Kate Noakes is a poet whose seventh and most recent collection, The Filthy Quiet, was published by Parthian in 2019 and was reviewed by the Poetry Book Society. Her work has been widely published in magazines in the UK, Europe and beyond. She was elected to the Welsh Academy in 2011. She lives in London where she acts as a trustee for writer development organisation Spread the Word. She reviews poetry for Poetry London, Poetry Wales, The North and cultural website London Grip. She can be found reading from her work all over the country, notably most recently at the 2019 Aldeburgh Poetry Festival. Kate has degrees from Reading University and the University of South Wales. She teaches creative writing workshops in London and beyond and offers one to one poetry coaching. Real Hay-on-Wye (May 2020) is her first non-fiction title.
Katrina Naomi Wild Persistence, June 2020
Katrina Naomi has published four pamphlets of poetry, including the Japan-themed Typhoon Etiquette (Verve Poetry Press, 2019). Her collection The Way the Crocodile Taught Me, (Seren, 2016) was chosen by Foyles’ Bookshop as one of its #FoylesFive for poetry. Katrina was the first writer-in-residence at the Brontë Parsonage Museum in W Yorks, and since then has been poet-in-residence at the Arnolfini, Gladstone’s Library and the Leach Pottery. Her poetry has appeared on Radio 4’s Front Row and Poetry Please, BBC TV’s Spotlight and on Poems on the Underground. In 2017 she was highly commended in the Forward Prizes. She has a PhD in creative writing (Goldsmiths) and tutors for Arvon, Ty Newydd and the Poetry School. She received an Authors’ Foundation award from the Society of Authors for her new collection, Wild Persistence (June).
Rhian Edwards The Estate Agent’s Daughter, June 2020
Rhian Edwards is a multi-award winning Welsh poet, renowned for bridging the gap between page and stage poetry. Her first collection Clueless Dogs (Seren) won the Wales Book of the Year 2013, winning the hat-trick of prizes. It was also shortlisted for the Forward Prize for Best First Collection 2012. Rhian also won the John Tripp Award for Spoken Poetry, winning both the Judges and Audience award. Rhian’s pamphlet Parade the Fib (Tall Lighthouse) was awarded the Poetry Book Society Pamphlet Choice for autumn 2008. Rhian’s poems have appeared in TheGuardian, TLS, Poetry Review, New Statesman, Spectator, Poetry London, Poetry Wales, Arete, the London Magazine, Stand and Planet. Her second collection The Estate Agent’s Daughter is forthcoming from Seren in June.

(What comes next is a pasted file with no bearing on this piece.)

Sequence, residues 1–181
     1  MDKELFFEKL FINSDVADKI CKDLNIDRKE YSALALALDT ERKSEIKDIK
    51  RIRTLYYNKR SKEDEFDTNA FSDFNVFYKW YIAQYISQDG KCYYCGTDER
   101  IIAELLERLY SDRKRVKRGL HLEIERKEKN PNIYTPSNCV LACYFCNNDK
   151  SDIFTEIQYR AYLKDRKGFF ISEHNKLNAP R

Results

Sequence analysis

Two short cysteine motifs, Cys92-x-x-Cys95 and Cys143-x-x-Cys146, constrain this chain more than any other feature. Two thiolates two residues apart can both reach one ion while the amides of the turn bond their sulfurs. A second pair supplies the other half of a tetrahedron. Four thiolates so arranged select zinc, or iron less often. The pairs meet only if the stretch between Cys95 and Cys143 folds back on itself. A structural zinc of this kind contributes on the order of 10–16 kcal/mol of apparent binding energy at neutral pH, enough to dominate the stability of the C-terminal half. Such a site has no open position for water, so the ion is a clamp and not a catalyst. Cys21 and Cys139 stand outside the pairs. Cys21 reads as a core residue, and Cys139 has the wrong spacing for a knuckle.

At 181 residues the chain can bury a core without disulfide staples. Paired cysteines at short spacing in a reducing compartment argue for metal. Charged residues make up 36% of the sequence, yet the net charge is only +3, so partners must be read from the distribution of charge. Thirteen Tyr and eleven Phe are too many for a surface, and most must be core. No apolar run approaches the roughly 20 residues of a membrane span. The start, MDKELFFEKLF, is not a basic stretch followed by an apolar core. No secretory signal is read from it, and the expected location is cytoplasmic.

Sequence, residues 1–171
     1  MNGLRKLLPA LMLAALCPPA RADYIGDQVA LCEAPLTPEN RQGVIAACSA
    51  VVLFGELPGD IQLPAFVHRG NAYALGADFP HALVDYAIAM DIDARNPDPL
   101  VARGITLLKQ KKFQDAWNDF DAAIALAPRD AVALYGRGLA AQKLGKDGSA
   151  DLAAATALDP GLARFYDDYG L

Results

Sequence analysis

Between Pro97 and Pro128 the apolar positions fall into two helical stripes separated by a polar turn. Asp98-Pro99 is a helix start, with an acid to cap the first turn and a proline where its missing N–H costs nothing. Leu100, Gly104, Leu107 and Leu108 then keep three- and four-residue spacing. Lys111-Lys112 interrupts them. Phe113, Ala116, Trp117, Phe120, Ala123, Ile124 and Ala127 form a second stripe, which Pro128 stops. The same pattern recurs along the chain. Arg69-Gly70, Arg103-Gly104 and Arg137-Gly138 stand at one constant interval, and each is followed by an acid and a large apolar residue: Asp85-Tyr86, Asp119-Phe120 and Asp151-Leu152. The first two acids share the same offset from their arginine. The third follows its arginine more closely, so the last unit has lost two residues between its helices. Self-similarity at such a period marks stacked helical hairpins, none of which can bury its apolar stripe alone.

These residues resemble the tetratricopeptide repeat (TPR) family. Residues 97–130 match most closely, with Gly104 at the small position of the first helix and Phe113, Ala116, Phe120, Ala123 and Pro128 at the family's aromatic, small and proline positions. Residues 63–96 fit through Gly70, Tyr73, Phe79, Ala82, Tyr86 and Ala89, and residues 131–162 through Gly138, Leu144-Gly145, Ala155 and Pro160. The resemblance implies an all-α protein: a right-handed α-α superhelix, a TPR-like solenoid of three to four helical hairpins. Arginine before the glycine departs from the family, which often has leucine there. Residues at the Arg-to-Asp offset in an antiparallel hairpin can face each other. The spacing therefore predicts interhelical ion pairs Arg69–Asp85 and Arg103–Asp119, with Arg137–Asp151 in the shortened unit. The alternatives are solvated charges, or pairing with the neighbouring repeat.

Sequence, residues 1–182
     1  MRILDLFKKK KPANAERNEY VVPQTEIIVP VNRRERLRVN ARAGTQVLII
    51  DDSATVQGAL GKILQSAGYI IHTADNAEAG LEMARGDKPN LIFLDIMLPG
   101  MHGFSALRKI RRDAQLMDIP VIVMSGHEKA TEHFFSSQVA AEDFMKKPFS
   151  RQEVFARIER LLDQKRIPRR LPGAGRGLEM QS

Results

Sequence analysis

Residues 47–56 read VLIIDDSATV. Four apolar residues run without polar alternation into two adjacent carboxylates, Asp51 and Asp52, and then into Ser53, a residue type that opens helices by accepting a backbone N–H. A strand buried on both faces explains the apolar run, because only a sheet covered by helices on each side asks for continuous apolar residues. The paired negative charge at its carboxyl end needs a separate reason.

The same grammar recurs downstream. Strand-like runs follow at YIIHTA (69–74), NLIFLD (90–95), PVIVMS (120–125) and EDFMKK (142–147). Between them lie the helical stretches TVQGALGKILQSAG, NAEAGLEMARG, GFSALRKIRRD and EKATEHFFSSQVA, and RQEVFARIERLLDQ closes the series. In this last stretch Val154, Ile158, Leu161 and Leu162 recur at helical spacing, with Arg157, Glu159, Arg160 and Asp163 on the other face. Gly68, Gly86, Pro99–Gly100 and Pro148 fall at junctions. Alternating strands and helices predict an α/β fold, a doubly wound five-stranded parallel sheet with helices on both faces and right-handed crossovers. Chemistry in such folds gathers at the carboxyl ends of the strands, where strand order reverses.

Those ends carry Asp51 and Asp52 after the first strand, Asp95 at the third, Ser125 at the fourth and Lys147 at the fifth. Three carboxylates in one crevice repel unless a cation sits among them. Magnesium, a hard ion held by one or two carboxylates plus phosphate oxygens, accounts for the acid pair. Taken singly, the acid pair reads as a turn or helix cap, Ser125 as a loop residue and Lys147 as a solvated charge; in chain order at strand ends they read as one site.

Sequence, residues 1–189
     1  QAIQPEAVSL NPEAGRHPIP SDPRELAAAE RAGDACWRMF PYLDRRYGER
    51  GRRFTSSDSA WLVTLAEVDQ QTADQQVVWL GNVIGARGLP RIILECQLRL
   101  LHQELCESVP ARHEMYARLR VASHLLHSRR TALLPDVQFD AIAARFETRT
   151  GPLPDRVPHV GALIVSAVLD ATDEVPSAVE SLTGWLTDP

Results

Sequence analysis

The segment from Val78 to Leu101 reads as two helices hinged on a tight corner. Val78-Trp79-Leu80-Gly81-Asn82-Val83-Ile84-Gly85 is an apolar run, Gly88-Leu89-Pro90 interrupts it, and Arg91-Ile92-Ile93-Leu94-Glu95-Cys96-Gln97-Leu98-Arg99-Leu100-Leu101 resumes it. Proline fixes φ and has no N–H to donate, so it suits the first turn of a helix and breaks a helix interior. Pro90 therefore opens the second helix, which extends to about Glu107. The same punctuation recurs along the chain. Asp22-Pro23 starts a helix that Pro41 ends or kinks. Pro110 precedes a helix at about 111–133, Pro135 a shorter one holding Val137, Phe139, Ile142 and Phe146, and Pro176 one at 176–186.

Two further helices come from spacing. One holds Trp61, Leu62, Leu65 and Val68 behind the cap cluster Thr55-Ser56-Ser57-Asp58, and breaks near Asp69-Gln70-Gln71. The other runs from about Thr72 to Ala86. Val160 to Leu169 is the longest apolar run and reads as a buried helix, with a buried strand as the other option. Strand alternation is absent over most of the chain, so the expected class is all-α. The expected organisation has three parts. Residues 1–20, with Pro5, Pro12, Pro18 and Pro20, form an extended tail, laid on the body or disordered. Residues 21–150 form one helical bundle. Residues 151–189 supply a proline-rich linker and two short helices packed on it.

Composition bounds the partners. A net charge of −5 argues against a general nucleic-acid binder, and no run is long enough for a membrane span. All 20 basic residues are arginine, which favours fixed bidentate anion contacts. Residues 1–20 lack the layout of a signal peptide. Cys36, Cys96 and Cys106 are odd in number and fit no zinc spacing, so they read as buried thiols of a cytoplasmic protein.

Sue Gee Just You and the Page: Twelve Writers and their Art, June 2020
Sue Gee is a novelist and short story writer. She has published eleven novels, including The Hours of the Night (1995), winner of the Romantic Novel of the Year award, The Mysteries of Glass (2005), long-listed that year for the Orange Prize, and Reading in Bed (2007) a Daily Mail Book Club selection. Her most recent novel is Trio (2016). She ran the MA in Creative Writing at Middlesex University from 2000-2008 and was awarded a Royal Literary Fund Fellowship at the University of London Graduate School in 2008. Since 2010 she has taught at the Faber Academy, and worked as a mentor for the Write to Life group at Freedom from Torture. With the novelist Charles Palliser she has for some twenty years run monthly author events at Stoke Newington Bookshop, under the umbrella N16 Writers & Readers. She is a frequent contributor to Slightly Foxed.
Jayne Joso Japan Stories, June 2020
Jayne Joso is a writer and artist who has lived and worked in Japan, China, Kenya and the UK. Now living in London, she is the author of four novels, including My Falling Down House(2016) and From Seven to the Sea (2019). Her journalism has been published in various Japanese architectural magazines and in the UK’s Architecture Today magazine. She has also ghost written on Japanese architects for the German publisher, Prestel Art. She is the recipient of the Great Britain Sasakawa Foundation Award, given to artists whose work interprets Japan to other cultures and was longlisted for the Rathbones Folio Award 2017. Her forthcoming short story collection Japan Stories (Seren, June 2020) reveals Japanese life in city and countryside through a variety of characters notable for their shared humanity.
Find more amazing books written by women on the Seren website.
Create your free Seren account and enjoy 20% off every book you buy direct from us.
From the 16 – 20 December our Christmas pop-up shop will be back at Chapter in Cardiff to satisfy all your last minute present buying needs.
You’re guaranteed to find something for everyone amongst the books on sale so come along and have a browse. From stocking fillers like our fantastic regional poetry pamphlets, to gripping new fiction like Alexandra Ford’s What Remains at the End and fascinating non-fiction titles like the new Wild Places UKby Iolo Williams. Or for something extra special, why not trust us to do the choosing for you with one of our mystery fiction or poetry bundles?
Already got all your presents? Then come along and top up your 2020 to be read pile or find some fantastic books to fill the blissful amount of reading time you’ll have over the holidays.
We’re incredibly pleased to hear that Maria Donovan has been long-listed for the Hall & Woodhouse DLF Local Writing Prize for her book The Chicken Soup Murder. It’s a huge achievement considering this year the DLF received over 70 entries, and we’re all crossing our fingers for the next round!
Donovan has been busy lately, and has recently been interviewed by novelist Shauna Gilligan for her Writer’s Chat Series. To read the two discussing breaking down genres, developing complex and sympathetic characters and to hear about Donovan’s upcoming plans, follow the link here: Donovan’s Interview